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“Bite-Size Bits of Local, National, and Global History”
“Bite-Size Bits of Local, National, and Global History”
Near Ferry Farm in Stafford County, Virginia — The American South (Mid-Atlantic)
 

The Washington Plantation

 
 
The Washington Plantation Marker image. Click for full size.
By Craig Swain, December 13, 2008
1. The Washington Plantation Marker
Inscription. The Washington plantation consisted of two farms: the Home House Farm, where the family lived, and a quarter, (outlying farm) located to the east. The main crops were corn, wheat, and tobacco. The plantation complex included the Washington house, a kitchen dependency, dairy, storehouses, barns, and slave quarters. When Augustine Washington died here in 1743, there were 20 slaves living at the Home House Farm and 6 at the quarter. The inventory of his estate lists 27 head of cattle, 21 sheep, 21 pigs, and 4 horses at Home House Farm and 18 head of cattle, 19 pigs, 11 sheep, and 2 horses at the quarter. By the terms of Augustine Washington's will, George Washington was to inherit all of this land, ten slaves, and other property when he reached twenty-one.

In his 1771 survey of the Home House Farm, George Washington identified a garden and henyard in the vicinity of the house. If the fabled cherry tree grew on the plantation, it may have been in this area.

George Washington left his mother in possession of the plantation after he moved to Mount Vernon, but returned for visits. In 1771 he surveyed the Home House Farm, recording the boundaries of the fields and pastures he had known since childhood. This survey is the most important surviving record of the layout of the Washington plantation.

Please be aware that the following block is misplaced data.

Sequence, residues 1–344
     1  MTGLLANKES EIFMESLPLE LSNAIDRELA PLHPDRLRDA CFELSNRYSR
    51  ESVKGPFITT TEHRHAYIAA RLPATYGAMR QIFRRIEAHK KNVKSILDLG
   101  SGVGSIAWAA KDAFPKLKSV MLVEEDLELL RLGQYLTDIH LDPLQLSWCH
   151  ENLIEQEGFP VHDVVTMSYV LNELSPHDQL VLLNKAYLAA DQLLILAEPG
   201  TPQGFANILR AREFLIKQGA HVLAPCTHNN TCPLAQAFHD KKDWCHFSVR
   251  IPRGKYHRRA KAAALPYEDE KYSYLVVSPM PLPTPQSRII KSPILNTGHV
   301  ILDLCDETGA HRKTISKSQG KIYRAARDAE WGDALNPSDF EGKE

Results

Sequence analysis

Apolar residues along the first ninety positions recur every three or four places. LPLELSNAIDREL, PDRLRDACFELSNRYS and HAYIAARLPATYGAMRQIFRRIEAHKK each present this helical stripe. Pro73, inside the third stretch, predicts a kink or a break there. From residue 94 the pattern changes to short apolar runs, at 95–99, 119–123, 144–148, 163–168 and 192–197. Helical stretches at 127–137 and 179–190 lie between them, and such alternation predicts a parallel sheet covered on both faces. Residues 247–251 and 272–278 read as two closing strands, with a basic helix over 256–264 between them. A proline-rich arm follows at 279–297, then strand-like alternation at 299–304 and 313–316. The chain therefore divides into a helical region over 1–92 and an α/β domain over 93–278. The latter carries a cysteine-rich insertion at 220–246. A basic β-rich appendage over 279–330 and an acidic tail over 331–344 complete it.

Location.
The Washington Plantation Marker image. Click for full size.
By Craig Swain, December 13, 2008
2. The Washington Plantation Marker
38° 17.735′ N, 77° 26.974′ W. Marker is near Ferry Farm, Virginia, in Stafford County. Marker can be reached from King's Highway (State Highway 3), on the right when traveling south. Click for map. Located on the walking trail for the Washington's Boyhood Home site. Marker is in this post office area: Fredericksburg VA 22405, United States of America.
 
Other nearby markers. At least 8 other markers are within walking distance of this marker. The Ferries (within shouting distance of this marker); The Civil War at Ferry Farm (within shouting distance of this marker); George Washington’s Childhood Home (about 500 feet away, measured in a direct line); George Washington Boyhood Home Site (about 800 feet away); Creek Delegation in Fredericksburg (approx. 0.2 miles away); Fredericksburg's Wharves and Harbor (approx. 0.2 miles away); George Washington’s Boyhood Home at Ferry Farm (approx. 0.2 miles away); Fredericksburg City Dock (approx. ¼ mile away). Click for a list of all markers in Ferry Farm.
 
More about this marker. In the lower left of the marker is a drawing, published in Anna C. Reed's The Life of George Washington from 1842, depicting the famous cherry tree incident. On the right is a depiction of George Washington as a surveyor from by Walter Haskell Hinton.
 
Also see . . .  Archeologists Discover Historical Gem
Ongoing Excavations around the House Foundation image. Click for full size.
By Craig Swain, December 13, 2008
3. Ongoing Excavations around the House Foundation
In the summer of 2008 archeologists announced the discovery of Washington's boyhood home. The home had burned in a 1740 Christmas Eve fire. The white building behind the dig sites is the Surveyor's Shed, which dates to 1870.
. Excavations at Washington’s Boyhood Home Uncover Vital Piece of Presidential History. (Submitted on December 15, 2008, by Craig Swain of Leesburg, Virginia.) 
 
Categories. Colonial Era
 
 
Credits. This page originally submitted on , by Craig Swain of Leesburg, Virginia. This page has been viewed 716 times since then and 49 times this year. Photos:   1, 2, 3. submitted on , by Craig Swain of Leesburg, Virginia. This page was last revised on June 16, 2016.
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